Walter Russell Mead says “the Middle East is on the boil”. The Cold War is over. History has returned to its “normal velocity”. It bears recalling that the Cold war saw both the 1967 and 1973 Wars. So normal velocity does not necessarily augur good news.
Nowhere has history come back with a vengeance than in Egypt and Turkey. Michael Totten looks at what he calls “Egypt’s Botched Revolution”. It seemed to start out going one place only to finish up in another. But appearances can be deceiving.
The army and the Islamists have a strange relationship with each other that neither explains or is honest about. The state has viciously repressed the Brotherhood at times while at other times using it as either a sword or a shield against liberals.
“It has been like this since 1952,” Mustafa said. “They have an old relationship. The Free Officers who made the 1952 coup had no real ideology aside from attacking the old regime and forcing King Farouk to step down. They had no other agenda. So they depend on the Muslim Brotherhood which has some popularity. When they clash it’s over the issue of sharing power. It’s not an ideological dispute. So sometimes the army puts them in jail, and other times the army coordinates with them as long as it looks like they won’t have to share power. But now they have an understanding with the army. They’re fine.” …
If she’s right, I suspect the army is working with the Brotherhood mostly for pragmatic reasons. Their ideologies are different, but they overlap in some ways. Both are anti-Western and anti-Zionist. Neither are interested in secular liberal government where religion is strictly a private affair, where the economy is beyond the control of the state, and where military officers follow orders from elected civilians.
In some sense Egypt hasn’t changed at all. It’s gone from an officially pro-American but culturally anti-American country with a peace treaty with Israel to the same thing but without the need to keep to its old bargains. Now it has to re-examine its positions from first principles. Should it continue to be at peace with Israel? Totten’s sources say that Egypt fears the Israeli mailed glove.
“Egyptian-Israeli relations will be decided by the army,” Heggy said, “and the army is totally against confrontation with Israel. In the streets people say they want to renegotiate the Camp David Agreement, but the army will never go for anything like this.”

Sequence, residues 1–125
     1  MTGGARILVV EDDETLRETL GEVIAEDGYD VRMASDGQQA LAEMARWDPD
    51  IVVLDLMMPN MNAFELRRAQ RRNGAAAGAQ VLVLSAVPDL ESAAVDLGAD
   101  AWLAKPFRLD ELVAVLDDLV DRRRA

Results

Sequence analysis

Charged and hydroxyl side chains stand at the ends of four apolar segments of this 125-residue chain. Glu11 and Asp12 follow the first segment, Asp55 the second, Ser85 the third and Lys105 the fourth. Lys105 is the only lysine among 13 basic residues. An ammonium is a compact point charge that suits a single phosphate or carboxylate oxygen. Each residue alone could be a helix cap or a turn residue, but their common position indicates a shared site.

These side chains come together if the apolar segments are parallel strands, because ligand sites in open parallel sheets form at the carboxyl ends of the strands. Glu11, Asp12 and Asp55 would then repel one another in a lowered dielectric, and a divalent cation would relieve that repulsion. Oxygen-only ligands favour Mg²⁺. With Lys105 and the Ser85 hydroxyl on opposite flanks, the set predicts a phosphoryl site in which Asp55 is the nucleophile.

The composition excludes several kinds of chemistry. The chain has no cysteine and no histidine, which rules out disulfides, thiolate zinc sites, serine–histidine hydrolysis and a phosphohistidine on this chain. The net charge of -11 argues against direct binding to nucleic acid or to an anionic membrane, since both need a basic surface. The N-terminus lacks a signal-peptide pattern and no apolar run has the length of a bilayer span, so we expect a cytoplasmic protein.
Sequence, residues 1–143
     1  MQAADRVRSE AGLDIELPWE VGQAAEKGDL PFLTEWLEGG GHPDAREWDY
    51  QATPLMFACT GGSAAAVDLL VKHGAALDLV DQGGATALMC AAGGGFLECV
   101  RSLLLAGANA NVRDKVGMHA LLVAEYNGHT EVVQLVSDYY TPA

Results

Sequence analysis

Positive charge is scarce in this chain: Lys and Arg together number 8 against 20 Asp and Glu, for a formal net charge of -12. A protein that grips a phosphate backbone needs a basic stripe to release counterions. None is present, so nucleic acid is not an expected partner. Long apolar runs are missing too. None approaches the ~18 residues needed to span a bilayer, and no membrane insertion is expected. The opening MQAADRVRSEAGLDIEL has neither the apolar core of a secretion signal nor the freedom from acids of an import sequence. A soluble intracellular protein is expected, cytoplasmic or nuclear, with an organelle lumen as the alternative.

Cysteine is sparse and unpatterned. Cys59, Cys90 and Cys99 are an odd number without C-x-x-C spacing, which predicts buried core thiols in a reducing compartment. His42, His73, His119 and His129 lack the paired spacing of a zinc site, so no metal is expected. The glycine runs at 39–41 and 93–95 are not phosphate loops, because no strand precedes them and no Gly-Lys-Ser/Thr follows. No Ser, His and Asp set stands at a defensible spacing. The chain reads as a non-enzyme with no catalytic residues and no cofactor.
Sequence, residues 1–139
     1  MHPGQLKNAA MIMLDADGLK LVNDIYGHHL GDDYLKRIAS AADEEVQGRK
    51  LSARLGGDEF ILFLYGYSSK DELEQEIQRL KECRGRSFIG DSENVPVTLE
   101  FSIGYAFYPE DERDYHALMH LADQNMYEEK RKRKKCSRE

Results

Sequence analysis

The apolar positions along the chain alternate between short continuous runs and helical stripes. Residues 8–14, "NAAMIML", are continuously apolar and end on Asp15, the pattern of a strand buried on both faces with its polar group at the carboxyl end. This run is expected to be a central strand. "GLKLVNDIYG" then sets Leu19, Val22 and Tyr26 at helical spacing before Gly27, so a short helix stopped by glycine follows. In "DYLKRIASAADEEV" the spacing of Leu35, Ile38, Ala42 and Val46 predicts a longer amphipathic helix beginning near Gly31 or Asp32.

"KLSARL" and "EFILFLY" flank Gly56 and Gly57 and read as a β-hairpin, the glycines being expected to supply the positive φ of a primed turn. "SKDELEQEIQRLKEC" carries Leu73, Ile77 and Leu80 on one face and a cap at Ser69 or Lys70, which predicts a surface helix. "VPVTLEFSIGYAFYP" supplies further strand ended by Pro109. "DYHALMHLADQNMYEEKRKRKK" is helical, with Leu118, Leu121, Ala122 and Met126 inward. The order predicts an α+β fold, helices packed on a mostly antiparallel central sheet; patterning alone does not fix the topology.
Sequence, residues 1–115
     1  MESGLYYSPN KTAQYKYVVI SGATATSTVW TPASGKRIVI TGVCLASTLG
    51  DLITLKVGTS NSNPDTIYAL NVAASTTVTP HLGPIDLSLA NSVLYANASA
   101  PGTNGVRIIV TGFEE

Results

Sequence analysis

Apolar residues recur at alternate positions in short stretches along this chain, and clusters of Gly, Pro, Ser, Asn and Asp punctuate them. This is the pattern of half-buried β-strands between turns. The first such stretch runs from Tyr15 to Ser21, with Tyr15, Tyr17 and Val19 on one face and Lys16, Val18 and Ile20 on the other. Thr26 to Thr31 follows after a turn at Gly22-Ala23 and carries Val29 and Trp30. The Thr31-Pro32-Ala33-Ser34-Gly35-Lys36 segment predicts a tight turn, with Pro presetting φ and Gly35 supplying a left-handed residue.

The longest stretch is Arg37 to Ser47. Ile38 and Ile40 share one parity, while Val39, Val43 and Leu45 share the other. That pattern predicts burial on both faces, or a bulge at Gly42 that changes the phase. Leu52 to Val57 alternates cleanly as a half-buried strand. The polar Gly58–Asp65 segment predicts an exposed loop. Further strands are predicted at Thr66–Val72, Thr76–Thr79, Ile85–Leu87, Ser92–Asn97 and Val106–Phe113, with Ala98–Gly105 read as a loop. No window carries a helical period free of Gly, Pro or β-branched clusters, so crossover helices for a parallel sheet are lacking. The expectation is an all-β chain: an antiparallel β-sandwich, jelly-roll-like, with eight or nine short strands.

“Is that because the army knows it lost the 1973 war even though the government pretends Egypt won?” I said. Just days before I had seen the otherworldly propaganda at the panorama, propaganda that is apparently taken seriously by ordinary Egyptians.
But it also hungers to reclaim its ideological leadership of the Arab world, something it cannot easily do without rounding on the Jewish state. Whether fear or ambition get the upper hand no one can say. As Totten’s sources say, “it depends on the street.”
Egypt’s geopolitical clout fell after it signed that treaty. It is no longer anything like a mini regional superpower. There is no reason to believe, however, that the elite in the armed forces wouldn’t like Egypt to rise once again if it can unshackle itself from American requests that it be a status quo power. They clearly see themselves as bigger and more important that that, and serious moves in that direction should play very well on the street.
And on the Egyptian President Obama’s popularity is lower than that of George Bush. The Zogby polling organization concluded that U.S. ratings “across the Arab world have plummeted … they are lower than at the end of the Bush Administration, and lower than Iran’s favorable ratings (except in Saudi Arabia). … Today, President Obama’s favorable ratings across the Arab World are 10% or less.”